January 5, 2009 Posted by | beekeeping journal, honey | , , , , , , , , , , , , | Leave a comment

Honey in laboratory…………………….

Every batch of our honey harvested, samples were sent to University of Hohenheim, Stuttgart, Germany to be tested for EU quality. We make sure that the honey meets all the requirements before they are sold.

Honey queing up for testing

Honey queing up for testing

 

Our honey will then undergo Melissopalynology.¬† Melissopalynology is the study of Honey. By extension, it also includes the study of any pollen contained in honey as well as the pollen’s source. By studying the pollen in a sample of honey, it is possible to gain evidence of the geographical location and of the plants that the honey bees visited, although honey may also contain airborne pollens from anemophilous plants, spores, and dust due to attraction by the “Electrostatic” charge of bees.

Generally, melissopalynology is used to combat fraud and inaccurate labelling of honey. Information gained from the study of a given sample of honey (and pollen) is useful when substantiating claims of a particular source for the sample. Monofloral honey derived from one particular source plant may be more valuable than honey derived from many types of plants. The price of honey also varies according to the region from which it originates.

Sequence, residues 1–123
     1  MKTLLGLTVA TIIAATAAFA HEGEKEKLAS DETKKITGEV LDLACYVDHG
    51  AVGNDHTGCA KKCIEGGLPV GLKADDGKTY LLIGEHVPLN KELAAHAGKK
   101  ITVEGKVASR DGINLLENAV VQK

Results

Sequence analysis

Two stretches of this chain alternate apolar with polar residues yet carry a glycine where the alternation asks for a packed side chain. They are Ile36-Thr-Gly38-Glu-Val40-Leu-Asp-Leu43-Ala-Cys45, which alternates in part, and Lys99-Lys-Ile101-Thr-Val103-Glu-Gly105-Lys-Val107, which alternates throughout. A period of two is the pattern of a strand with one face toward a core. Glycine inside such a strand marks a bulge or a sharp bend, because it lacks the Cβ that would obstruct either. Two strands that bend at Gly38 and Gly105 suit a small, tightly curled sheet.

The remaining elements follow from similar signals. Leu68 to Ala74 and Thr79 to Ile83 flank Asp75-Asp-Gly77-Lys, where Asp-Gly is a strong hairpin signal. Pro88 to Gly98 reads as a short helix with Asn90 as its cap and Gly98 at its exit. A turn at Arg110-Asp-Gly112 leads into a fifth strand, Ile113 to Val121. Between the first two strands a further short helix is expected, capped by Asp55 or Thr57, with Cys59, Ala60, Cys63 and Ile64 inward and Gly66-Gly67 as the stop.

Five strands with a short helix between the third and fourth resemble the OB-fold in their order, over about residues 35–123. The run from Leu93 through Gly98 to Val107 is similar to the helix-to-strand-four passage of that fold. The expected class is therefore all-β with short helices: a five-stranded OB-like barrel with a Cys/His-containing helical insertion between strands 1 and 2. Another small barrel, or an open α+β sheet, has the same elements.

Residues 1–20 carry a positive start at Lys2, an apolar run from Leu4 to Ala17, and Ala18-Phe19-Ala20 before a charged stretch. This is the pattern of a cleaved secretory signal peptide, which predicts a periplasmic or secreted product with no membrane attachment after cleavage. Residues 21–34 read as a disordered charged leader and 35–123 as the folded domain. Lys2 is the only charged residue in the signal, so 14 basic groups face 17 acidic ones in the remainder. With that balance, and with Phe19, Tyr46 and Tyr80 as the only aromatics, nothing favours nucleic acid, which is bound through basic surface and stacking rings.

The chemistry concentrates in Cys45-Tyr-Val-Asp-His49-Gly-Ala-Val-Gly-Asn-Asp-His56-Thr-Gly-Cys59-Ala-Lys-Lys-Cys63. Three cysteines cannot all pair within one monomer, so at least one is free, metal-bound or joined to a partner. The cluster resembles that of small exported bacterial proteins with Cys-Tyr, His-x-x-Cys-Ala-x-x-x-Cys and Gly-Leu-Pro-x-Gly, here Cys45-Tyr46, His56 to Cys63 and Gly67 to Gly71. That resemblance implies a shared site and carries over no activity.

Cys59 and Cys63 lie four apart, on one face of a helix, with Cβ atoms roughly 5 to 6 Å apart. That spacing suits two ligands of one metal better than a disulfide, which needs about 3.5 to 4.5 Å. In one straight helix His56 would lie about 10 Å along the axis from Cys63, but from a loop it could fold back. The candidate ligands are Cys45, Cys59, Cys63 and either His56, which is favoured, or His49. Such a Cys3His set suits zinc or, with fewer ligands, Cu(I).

Our honey waiting in line to be tested.

Our honey waiting in line to be tested.

January 4, 2009 Posted by | apiculture, honey, Honey Quality Control | , , , , , , , , , | Leave a comment

Extracting honey…………………….

Here you can see my collegue extracting honey from combs using a honey press. Honey in these form are as pure as they can be.

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December 30, 2008 Posted by | apiculture, honey, honey harvest, Honey Processing | , , , , | 2 Comments

Waste not, want not………………..

After I had filter out the honey from the combs, there are bound to have some honey remain. What I normally do is to feed them to the bees in my garden. This way, little or no honey is wasted. The bees will benefit from these left overs. I will have my dry combs ready for processing to become candles later. Win-win.

December 27, 2008 Posted by | honey, honey byproduct | , | 1 Comment

How does one define a sustainable beekeeping project?…………………….

There are many people who want to help in¬†alleviating poverty in third world countries. I know it is¬†for a good cause. I admired that. Thus beekeeping is one of nature’s ways of providing a source of income opportunities for these farmers. Many Organizations will come in and¬†give the villagers their entire high-end, expensive, complicated beekeeping equipments.